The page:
## Trends and cautions in use of rock/fluid properties

Five important trends and cautions are worth emphasizing.

1. The need for accurate measurement of capillary pressure and relative permeability functions increases with the resolution of reservoir models. With low-resolution models, there is a need for algorithms to "upscale" permeabilities, relative permeabilities, and capillary pressures from the scale of measurement on a small sample of rock to the relatively huge size of blocks in reservoir models. The results of the averaging processes of upscaling are insensitive to the quality of measurements on small samples. The need for upscaling should diminish as increases in computer power permit higher-resolution models.
2. To obtain accurate measurements of capillary pressure and relative permeabilities, tests with representative samples at representative conditions are critical. Much of the available data in our industry do not pass this standard.
3. Capillary end effects and viscous fingering have corrupted a significant portion of relative permeability data. If capillary pressure and relative permeabilities are available, the extent of this corruption for a sample can be assessed and sometimes corrected.
4. We often interpret water/oil wettabilities from the shape of relative permeabilities. Such interpretations are particularly susceptible to error caused by the heterogeneity of the sample used for measurements. This susceptibility was conceded in the original literature on wettability interpretation, but it is not widely acknowledged.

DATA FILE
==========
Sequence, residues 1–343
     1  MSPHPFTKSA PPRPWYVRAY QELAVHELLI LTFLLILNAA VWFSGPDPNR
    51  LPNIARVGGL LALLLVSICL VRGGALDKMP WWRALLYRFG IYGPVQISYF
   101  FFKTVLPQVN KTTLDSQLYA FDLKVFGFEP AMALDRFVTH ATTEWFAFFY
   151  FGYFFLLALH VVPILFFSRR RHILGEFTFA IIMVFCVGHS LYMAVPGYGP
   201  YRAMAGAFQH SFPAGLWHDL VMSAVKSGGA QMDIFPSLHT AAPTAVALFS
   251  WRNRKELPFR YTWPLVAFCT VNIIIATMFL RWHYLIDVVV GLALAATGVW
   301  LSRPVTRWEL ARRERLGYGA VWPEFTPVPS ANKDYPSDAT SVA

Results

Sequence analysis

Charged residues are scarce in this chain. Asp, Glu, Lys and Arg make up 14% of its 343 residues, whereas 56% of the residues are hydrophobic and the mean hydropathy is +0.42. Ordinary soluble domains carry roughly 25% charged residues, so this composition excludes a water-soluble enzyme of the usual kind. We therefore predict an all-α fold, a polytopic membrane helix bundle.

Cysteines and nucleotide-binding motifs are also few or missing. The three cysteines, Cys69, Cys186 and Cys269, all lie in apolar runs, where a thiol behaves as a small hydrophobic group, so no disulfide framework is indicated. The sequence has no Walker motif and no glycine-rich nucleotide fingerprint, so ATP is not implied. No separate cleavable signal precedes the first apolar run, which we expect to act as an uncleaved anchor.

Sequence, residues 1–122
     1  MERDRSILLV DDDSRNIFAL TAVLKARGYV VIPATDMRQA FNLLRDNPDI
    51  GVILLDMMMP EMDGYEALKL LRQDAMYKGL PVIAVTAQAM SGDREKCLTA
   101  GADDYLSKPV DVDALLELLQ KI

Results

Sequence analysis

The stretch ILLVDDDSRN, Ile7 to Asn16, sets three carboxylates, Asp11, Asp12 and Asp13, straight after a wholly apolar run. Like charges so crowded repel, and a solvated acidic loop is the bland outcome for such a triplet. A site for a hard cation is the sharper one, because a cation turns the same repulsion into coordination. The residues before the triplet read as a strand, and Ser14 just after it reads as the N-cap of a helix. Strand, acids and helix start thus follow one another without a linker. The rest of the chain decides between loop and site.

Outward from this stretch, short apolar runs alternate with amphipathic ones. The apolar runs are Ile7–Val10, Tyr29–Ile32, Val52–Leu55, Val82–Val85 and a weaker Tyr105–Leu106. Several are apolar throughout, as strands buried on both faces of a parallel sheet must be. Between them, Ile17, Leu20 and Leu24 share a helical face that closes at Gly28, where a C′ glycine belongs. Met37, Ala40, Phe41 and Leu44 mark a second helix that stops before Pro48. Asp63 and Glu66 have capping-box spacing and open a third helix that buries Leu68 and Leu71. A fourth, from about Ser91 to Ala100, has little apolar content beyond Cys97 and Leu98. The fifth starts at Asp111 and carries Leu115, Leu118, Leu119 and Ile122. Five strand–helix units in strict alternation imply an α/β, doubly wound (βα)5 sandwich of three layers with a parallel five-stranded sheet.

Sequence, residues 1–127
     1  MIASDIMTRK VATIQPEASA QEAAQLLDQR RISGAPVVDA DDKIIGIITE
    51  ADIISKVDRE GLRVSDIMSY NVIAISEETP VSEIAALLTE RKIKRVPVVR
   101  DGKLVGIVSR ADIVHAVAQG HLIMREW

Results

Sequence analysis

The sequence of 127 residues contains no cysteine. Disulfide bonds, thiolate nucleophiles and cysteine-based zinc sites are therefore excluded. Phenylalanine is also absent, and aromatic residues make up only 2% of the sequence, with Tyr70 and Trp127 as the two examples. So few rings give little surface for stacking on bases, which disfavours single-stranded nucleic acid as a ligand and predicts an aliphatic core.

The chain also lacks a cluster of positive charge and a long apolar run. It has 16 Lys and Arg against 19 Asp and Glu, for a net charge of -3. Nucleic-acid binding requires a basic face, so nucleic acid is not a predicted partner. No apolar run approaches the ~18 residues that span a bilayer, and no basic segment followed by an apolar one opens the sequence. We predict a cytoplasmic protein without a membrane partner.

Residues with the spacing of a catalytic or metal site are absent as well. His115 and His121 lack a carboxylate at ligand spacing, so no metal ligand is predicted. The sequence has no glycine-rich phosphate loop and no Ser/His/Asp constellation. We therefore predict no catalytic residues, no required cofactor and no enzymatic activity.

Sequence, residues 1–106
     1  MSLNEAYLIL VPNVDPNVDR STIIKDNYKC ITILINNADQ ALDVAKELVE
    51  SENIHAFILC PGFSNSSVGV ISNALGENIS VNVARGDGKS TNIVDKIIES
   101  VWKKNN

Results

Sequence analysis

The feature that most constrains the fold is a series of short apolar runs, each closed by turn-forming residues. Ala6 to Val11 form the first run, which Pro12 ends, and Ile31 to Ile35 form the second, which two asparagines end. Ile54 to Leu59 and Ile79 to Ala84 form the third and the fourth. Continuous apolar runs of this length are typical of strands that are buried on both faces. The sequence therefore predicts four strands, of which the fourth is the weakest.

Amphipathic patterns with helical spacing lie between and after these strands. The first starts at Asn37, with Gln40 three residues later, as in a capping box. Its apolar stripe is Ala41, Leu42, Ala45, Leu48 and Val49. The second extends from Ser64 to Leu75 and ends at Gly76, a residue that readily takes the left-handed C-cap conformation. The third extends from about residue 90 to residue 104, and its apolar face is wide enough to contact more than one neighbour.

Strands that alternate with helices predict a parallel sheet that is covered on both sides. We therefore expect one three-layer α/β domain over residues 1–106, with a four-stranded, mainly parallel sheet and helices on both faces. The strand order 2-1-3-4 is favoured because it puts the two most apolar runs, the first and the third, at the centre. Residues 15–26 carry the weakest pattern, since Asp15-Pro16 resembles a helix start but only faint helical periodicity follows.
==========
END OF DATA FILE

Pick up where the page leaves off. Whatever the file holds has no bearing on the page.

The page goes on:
5. The quality of estimates of capillary pressure and relative permeability with network models is increasing. These models offer the hope of providing estimates for a large set of rock samples for any particular reservoir while avoiding the costs of measuring capillary pressure and relative permeability.

## Nomenclature

 A = area perpendicular to flow, L2 k = permeability, L2, md kro = relative permeability for oil krw = relative permeability for water L = length Pc = capillary pressure, m/Lt2, psi Pcow = capillary pressure between oil and water phases, m/Lt2, psi po = pressure in the oil phase, m/Lt 2, psi pw = pressure in the water phase, m/Lt 2, psi ΔP = pressure drop, m/Lt 2, psi q = flow rate, L3/t qo = flow rate of oil, L3/t qw = flow rate of water, L3/t So = saturation of oil Sw = saturation of water Swi = irreducible or residual saturation of water x = position in the x direction, L μ = viscosity, m/Lt, cp μo = viscosity of oil, m/Lt, cp μw = viscosity of water, m/Lt, cp

## References

1. Content of this page relies heavily on Christiansen, R.L. 2001. Two-Phase Flow through Porous Media, Ch. 1, 4, and 5. Littleton, Colorado: KNQ Engineering.